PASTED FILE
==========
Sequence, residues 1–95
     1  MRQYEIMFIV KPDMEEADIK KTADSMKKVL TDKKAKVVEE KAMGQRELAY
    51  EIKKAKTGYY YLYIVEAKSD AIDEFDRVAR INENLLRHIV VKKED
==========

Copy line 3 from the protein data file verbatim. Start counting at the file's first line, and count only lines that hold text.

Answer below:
    51  EIKKAKTGYY YLYIVEAKSD AIDEFDRVAR INENLLRHIV VKKED